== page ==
18. Well, this thread didn't get any new posts since I was last here, but an unspecified member(s) of AUREA recently published this post about it. For anyone keeping track: I posted my thoughts about that here (see comment section also). Short version: 1) interpreting "tender" and "affectionate" as equalling "romantic" deserves to be called into question, & 2) as a historical account, this is overly cautious in all the wrong places and not enough in others.
  19. @fae Darn, I missed out on this by just a few days, or else I could have included it as an option in the Romantic Ambivalence Poll.
  20. Yes. "Split attraction model" comes from non-aces criticizing ace community language. It usually went hand in hand with calling us homophobic. Besides that, as a concept, it's a mess and has a bunch of problems, because what "split attraction model" ostensibly is supposed to refer to actually conflates a bunch of different things. Using the term "split attraction model" in the way that it was originally and is currently used is no more fair or justified than using "asexuality" to mean "aromanticism." "Oriented aroace" comes from someone who deliberately designed the term around an attraction-centric anti-gray definition & has tried to police that. "Angled" was proposed solely and exclusively to fill in the gaps that "oriented" deliberately excluded on arbitrary grounds; there's no reason for "angled" to exist outside of "oriented"'s own original problems, which I think deserve to be addressed in their own right.
  21. Oh god, please don't tell me these are already spreading.
  22. Some research articles related to this, if anyone's interested: Coan, J. A., Schaefer, H. S., & Davidson, R. J. (2006). Lending a Hand: Social Regulation of the Neural Response to Threat. Psychological Science, 17(12), 1032–1039. https://doi.org/10.1111/j.1467-9280.2006.01832.x Field, T. (2010). Touch for socioemotional and physical well-being: A review. Developmental review, 30(4), 367-383. Light, K. C., Grewen, K. M., & Amico, J. A. (2005). More frequent partner hugs and higher oxytocin levels are linked to lower blood pressure and heart rate in premenopausal women. Biological psychology, 69(1), 5-21. Kory Floyd (2014) Relational and Health Correlates of Affection Deprivation,Western Journal of Communication, 78:4, 383-403, http://dx.doi.org/10.1080/10570314.2014.927071 Field, T. M. (1998). Touch therapy effects on development. International Journal of Behavioral Development, 22(4), 779-797. Krahe ́C, Drabek MM,Paloyelis Y, Fotopoulou A. 2016 Affective touch and attachment style modulate pain:a laser-evoked potentials study.Phil.Trans. R. Soc. B371: 20160009.http://dx.doi.org/10.1098/rstb.2016.0009 von Mohr, M., Kirsch, L. P., & Fotopoulou, A. (2017). The soothing function of touch: affective touch reduces feelings of social exclusion. Scientific reports, 7(1), 13516. Liljencrantz, J., Strigo, I., Ellingsen, D. M., Krämer, H. H., Lundblad, L. C., Nagi, S. S., ... & Olausson, H. (2017). Slow brushing reduces heat pain in humans. European Journal of Pain, 21(7), 1173-1185.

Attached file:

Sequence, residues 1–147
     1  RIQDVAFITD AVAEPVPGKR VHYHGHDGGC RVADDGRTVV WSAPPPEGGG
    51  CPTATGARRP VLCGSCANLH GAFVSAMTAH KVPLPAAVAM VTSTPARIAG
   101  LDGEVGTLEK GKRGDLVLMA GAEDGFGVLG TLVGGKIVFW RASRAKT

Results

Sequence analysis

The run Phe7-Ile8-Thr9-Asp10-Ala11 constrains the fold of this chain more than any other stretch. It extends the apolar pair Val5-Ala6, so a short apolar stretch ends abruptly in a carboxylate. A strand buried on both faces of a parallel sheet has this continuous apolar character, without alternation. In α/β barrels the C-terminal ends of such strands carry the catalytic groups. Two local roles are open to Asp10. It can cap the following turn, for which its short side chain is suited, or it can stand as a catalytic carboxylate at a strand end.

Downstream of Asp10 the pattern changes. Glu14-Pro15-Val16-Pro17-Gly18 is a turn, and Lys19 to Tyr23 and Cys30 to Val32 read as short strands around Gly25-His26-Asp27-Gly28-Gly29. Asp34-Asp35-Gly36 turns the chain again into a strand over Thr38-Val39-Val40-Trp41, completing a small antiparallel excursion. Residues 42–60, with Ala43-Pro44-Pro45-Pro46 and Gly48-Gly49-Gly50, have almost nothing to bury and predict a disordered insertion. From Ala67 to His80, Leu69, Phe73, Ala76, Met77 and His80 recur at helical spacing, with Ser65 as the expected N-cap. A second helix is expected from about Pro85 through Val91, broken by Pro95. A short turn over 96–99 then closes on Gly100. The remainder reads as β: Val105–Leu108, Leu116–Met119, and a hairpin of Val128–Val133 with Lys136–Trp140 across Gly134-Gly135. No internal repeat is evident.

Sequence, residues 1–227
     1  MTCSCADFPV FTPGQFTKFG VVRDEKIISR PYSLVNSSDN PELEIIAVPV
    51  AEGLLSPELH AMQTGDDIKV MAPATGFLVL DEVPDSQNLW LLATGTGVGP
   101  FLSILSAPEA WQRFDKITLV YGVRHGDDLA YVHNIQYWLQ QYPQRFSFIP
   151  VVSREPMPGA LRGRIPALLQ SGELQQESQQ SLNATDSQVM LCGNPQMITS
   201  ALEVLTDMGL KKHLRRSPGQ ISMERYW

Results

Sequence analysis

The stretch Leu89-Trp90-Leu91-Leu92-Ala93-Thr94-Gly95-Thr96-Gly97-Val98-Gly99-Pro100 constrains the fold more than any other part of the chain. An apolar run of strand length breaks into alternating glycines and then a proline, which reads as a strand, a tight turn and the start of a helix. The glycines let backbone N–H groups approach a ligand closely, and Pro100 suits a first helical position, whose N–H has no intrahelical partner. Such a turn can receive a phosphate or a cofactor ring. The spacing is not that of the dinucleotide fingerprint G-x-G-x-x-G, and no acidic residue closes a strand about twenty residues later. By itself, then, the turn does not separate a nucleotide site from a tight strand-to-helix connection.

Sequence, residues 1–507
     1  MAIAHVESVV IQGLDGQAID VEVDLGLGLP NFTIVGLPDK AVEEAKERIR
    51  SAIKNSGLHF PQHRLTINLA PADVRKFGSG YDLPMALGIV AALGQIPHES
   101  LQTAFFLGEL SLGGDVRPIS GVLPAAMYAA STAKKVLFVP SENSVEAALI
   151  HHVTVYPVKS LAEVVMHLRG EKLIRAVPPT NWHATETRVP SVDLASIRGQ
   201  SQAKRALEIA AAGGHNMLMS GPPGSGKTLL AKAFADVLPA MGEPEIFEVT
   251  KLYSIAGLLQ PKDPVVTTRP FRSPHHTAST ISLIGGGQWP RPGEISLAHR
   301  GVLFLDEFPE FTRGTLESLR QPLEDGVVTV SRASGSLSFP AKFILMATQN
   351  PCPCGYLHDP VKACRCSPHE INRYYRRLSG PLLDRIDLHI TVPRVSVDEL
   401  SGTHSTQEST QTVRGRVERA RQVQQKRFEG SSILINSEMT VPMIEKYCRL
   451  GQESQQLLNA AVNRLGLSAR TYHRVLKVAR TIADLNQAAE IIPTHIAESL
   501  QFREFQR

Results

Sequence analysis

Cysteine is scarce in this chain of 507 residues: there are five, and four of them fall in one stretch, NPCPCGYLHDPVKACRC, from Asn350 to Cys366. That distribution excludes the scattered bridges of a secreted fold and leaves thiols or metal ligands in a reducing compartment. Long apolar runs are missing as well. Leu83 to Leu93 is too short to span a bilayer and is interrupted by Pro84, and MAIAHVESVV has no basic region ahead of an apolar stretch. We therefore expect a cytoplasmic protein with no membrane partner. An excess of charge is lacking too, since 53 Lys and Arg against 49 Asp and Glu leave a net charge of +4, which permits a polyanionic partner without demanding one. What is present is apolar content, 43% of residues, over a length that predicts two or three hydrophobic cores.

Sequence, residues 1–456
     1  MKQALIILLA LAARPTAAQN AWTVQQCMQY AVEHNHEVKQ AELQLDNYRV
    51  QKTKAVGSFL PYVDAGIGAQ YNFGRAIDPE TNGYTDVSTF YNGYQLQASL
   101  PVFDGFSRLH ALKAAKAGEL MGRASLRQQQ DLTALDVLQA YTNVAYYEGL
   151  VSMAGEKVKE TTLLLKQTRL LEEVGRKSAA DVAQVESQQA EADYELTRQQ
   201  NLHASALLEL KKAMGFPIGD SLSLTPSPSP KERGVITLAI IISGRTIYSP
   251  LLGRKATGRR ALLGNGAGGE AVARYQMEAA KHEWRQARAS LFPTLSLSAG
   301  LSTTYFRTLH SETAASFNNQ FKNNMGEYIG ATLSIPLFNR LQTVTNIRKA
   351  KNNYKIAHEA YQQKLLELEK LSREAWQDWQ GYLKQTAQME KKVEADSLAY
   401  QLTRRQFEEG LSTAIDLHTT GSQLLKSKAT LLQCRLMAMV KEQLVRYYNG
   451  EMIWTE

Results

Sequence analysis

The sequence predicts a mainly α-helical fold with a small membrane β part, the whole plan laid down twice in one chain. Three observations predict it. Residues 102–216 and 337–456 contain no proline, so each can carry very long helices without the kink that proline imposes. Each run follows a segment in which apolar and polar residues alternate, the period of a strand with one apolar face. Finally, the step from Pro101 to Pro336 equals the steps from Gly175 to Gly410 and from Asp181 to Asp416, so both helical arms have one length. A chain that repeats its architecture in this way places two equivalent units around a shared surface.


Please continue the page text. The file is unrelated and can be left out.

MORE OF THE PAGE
23. Paging @arofrantics. Also, somewhat related -- to add on to the links from last time: you can find a few things under the keyword of "quoisexual" for not having a sexual orientation. Some of it's just jokes or snippets, but there's also a few multi-paragraph short reflection pieces here and there. And some of what you described -- wondering if there's some "true" hidden orientation not yet uncovered, or sensing that people think "ok you're giving me incomplete information" -- feels really strongly like my experience of being quoi, especially with how the a-vs.-allo binary feels like an imposition.
  24. Is there any particular umbrella term for these things? Those are the ones I'm most familiar with, too, but I know there are also those who use these identity terms (like "bi") in a way that's not just about the physical, either. I wouldn't, lol, because I'm miffed both at the choice to call it that* and the way that the particular person spearheading that term has talked about splitting the umbrella. *"Oriented," as if aro and ace aren't themselves orientations. >> Sheesh. But more generally -- yeah, that's exactly the problem I'm getting at. Like for someone like Elizabeth @Prismatangle for example, -- she's a bi ace, but the bi doesn't stand for biromantic. So does "bi" go in the Romanticism line or the Sexuality line? Neither one is right.
  25. Relationships, maybe? I think talking about "it's detrimental that people restrict themselves to doing these things only in romantic contexts" is plenty on-topic.